Pinacol was used as a reducing agent in the presence of MoO2Cl2(dmf)2 as a catalyst for reduction of nitroaromatics to anilines.103 This reduction system was compatible with most halogens, amide, ester, nitriles, olefins, nitro, benzyl ether, thioether, pyridine ring and ketones. Good yields were obtained under MW conditions and acetone and water are the only by-products in this reduction. This system could also be used for deoxygenating sulfoxides.

image file: c5ra10076c-u1.tif

D-Glucose, an abundantly available carbohydrate, was reported by Kumar et al. as a source of hydrogen for reduction of nitroarenes in a catalyst-free aqueous system.104 D-Glucose/KOH system in water:DMSO mixture was employed for this reduction of nitroarenes at 110 °C. Substituents like C[triple bond, length as m-dash]N, CHO, C[double bond, length as m-dash]C, C[double bond, length as m-dash]N and halogens on nitroarenes were tolerated. Even dinitroarenes were found to selectively reduce to mononitroanilines in excellent yields.

Quinn et al. have shown that commonly available Pd/C or Pt/C catalyst is extremely effective with 1,4-cyclohexadiene as the hydrogen transfer source.105a For substrates containing potentially labile aromatic halogens, Pt/C is effective and results in little or no dehalogenation. In general, the reactions were complete within 5 min at 120 °C under microwave heating conditions. Furukawa and coworkers have used Pd- and Rh-based intermetallic catalysts for chemoselective catalytic transfer hydrogenation of nitro groups in styrenes, stilbenes and indoles using MeOH and 4-methylcyclohexene as hydrogen donors.105b

Transfer hydrogenations using sustainable materials under mild conditions may go a long way in meeting the future demands of such reduction processes.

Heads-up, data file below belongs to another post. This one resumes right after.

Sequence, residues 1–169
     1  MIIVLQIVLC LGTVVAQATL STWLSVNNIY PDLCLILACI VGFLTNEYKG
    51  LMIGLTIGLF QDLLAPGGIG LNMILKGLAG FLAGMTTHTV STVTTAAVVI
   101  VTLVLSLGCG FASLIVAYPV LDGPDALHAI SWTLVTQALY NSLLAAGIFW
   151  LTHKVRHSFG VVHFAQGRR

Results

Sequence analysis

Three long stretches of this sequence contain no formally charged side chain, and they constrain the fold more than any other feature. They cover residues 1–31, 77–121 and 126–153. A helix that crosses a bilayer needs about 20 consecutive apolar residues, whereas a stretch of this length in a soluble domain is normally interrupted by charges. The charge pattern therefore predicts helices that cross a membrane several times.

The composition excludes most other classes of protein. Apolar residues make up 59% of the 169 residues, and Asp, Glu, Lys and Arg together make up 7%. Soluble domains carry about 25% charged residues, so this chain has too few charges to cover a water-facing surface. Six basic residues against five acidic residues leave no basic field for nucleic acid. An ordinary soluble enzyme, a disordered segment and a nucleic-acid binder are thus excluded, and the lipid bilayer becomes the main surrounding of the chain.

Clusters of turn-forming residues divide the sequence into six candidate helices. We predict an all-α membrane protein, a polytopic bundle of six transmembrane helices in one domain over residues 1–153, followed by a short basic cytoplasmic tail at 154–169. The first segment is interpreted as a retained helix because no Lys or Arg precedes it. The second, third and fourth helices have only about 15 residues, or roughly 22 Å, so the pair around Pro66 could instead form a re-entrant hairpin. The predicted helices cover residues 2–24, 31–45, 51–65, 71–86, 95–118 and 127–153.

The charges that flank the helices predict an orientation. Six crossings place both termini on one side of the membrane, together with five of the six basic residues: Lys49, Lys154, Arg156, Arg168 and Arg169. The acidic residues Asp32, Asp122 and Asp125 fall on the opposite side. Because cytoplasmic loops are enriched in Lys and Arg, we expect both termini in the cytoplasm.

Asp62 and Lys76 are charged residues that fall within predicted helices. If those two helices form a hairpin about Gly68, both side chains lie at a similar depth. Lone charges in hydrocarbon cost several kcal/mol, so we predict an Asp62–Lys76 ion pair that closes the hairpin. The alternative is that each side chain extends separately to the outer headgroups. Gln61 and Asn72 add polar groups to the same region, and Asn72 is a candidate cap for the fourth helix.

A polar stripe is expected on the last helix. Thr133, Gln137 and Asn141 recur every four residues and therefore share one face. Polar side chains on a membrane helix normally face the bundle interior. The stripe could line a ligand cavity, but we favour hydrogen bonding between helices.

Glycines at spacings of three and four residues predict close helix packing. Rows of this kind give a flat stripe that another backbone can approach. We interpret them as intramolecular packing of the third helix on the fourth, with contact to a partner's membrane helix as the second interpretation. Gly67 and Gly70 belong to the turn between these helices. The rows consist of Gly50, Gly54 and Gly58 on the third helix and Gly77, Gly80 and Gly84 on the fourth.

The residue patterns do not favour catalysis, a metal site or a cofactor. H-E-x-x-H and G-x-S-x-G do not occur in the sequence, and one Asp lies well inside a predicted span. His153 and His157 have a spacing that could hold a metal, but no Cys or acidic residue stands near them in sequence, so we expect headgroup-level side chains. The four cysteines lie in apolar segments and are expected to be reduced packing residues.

8. Light-induced photocatalysis

Light induced activation of catalysts helps in reducing the energy barrier for many reactions thus providing methods with mild conditions (Scheme 10). Below are some selective reports describing the activation of passive catalysts in the presence of reducing agents to facilitate reduction under mild conditions.
image file: c5ra10076c-s10.tif
Scheme 10 Reduction of nitroarenes.

TiO2 was used as a photocatalyst under UV irradiation for reduction of nitrobenzene to aniline using oxalic acid as reducing agent and hole scavenger by Kominami and coworkers106 (Table 8). Vinyl, halogen, acid and ketone were unreactive in this reduction.

Table 8 Reduction methodologies using light sources
Entry Reagents Solvent/conditions Ref.
1 TiO2, Hg arc (>300 nm), oxalic acid H2O–MeCN, r.t. 106
2 Ru-dye–TiO2, TEOA, 530 nm MeCN, r.t. 107
3 TiO2, oxalic acid/formic acid, HCl, UV H2O, r.t. 108
4 CdS nanosphere/reduced graphene oxide, 420 nm, HCOONH4 H2O, r.t. 109
5 CdS, nanowires, reduced graphene oxide, >420 nm, HCOONH4 H2O, r.t. 110
6 HCOONH4, Pd@CeO2, <420 nm H2O, r.t. 111
7 PbBiO2Br, 440 nm, TEOA MeCN, r.t. 112

Ru dye-sensitized TiO2 was reported by Konig and coworkers as a catalyst in the presence of green light for this reduction and triethanolamine (TEOA) as reducing agent.107a Addition of a small amount of transition metals (less than 0.1 mol%) led to significant enhancement of photocatalytic activity. The optimal catalytic amount of the transition metal (Pt, Pd, Au and Ag) required for quantitative reduction depended on the nature of the metal and the method of preparation. Amounts higher than 1 mol% decreased the catalytic activity. The photocatalytic activity also depended upon the oxidation state of the metal source. Critical cluster sizes of 2 nm are required for good photocatalytic activity and the size depended upon the metal loading. Similar morphologies were found for all the transition metals. A quantum efficiency of 8% was determined for the reduction reaction under the optimized reaction conditions. Aldehyde, ketone, ester, cyano and halogen were compatible for this reduction. Dehalogenation occurs with higher loading of platinum. Green light photoreduction of nitrobenzene was also demonstrated on a laboratory preparative scale. Chen et al.107b have reported reduction of nitro compounds using TiO2 photocatalyst by UV and visible dye-sensitized systems.